A Plan of the Attack of Fort Sulivan, near Charles Town in South Carolina. …

Carolina Antique Maps & Prints

A Plan of the Attack of Fort Sulivan, near Charles Town in South Carolina. by a Squadron of His Majesty's Ships, on the 28th June 1776. with the Disposition of the King's Land Forces, and the Encampments and Entrenchments of the Rebels from the Drawings made on the Spot

London: "Printed and sold by William Faden, Successor to the late Mr. Thomas Jefferies, Geographer to the King..." 10th August 1776. Copper-engraved map, original color on laid paper. This is  Second state of the map showing the bridge of boats on the southern end of Sullivans island. In A+ condition,  full margins 

Plate size 11 x 14 1/2 inches 

  • Price: $11,000.00 { What determines value? }

    Many factors go into pricing a print; rarity, desirability, artist, condition, age, and the history of former sales prices and based on what price the piece was purchased at.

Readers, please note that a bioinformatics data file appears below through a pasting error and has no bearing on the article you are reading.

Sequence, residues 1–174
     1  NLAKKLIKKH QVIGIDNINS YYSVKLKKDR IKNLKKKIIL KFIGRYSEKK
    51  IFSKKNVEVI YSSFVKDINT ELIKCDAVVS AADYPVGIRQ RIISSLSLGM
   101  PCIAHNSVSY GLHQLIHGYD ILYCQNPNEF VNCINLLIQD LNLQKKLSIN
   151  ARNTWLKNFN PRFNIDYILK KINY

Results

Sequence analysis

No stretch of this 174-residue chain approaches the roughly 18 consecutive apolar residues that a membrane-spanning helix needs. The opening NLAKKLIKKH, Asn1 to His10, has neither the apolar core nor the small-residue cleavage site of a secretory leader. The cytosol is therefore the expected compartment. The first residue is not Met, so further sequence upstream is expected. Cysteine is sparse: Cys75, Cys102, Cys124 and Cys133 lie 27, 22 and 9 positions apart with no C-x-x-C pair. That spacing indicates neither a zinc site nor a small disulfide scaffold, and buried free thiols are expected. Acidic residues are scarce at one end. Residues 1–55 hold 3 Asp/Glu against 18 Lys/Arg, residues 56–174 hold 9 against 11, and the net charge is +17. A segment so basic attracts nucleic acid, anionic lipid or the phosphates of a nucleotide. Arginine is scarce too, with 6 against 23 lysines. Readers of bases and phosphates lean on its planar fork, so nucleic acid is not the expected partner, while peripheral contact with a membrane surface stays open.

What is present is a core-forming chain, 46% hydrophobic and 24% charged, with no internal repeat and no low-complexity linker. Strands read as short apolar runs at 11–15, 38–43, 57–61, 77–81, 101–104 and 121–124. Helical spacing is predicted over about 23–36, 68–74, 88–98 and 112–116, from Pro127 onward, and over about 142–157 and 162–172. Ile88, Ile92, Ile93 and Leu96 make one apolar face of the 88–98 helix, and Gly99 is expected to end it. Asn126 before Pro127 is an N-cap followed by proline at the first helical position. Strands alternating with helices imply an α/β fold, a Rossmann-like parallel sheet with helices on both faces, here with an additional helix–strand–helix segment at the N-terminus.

Condition, Condition, Condition!


    “Weeds & Roses” A good analogy for how the pricing of a print is determined from desirability is my description of "Weeds and Roses". It actually works with a number of publications from Audubons to Atlases. 

    O.K., let's take a complete first edition set of Audubon's Birds of America- 435 Plates, printed by Robert Havell. The Wild Turkey & The Flamingo will be the “Roses”, they are the major plates. These images are usually more desirable making them the most expensive, in upwards of $200,000.

    The Song Birds or "Tweety" birds are the minor plates, or "Weeds". These images are usually less desirable making them less expensive, as low as $2,000.

    However, not everyone prefers roses over weeds. Just because one is more expensive does not mean it is more beautiful to you. Art is a personal preference and you should always go with what stands out to you :)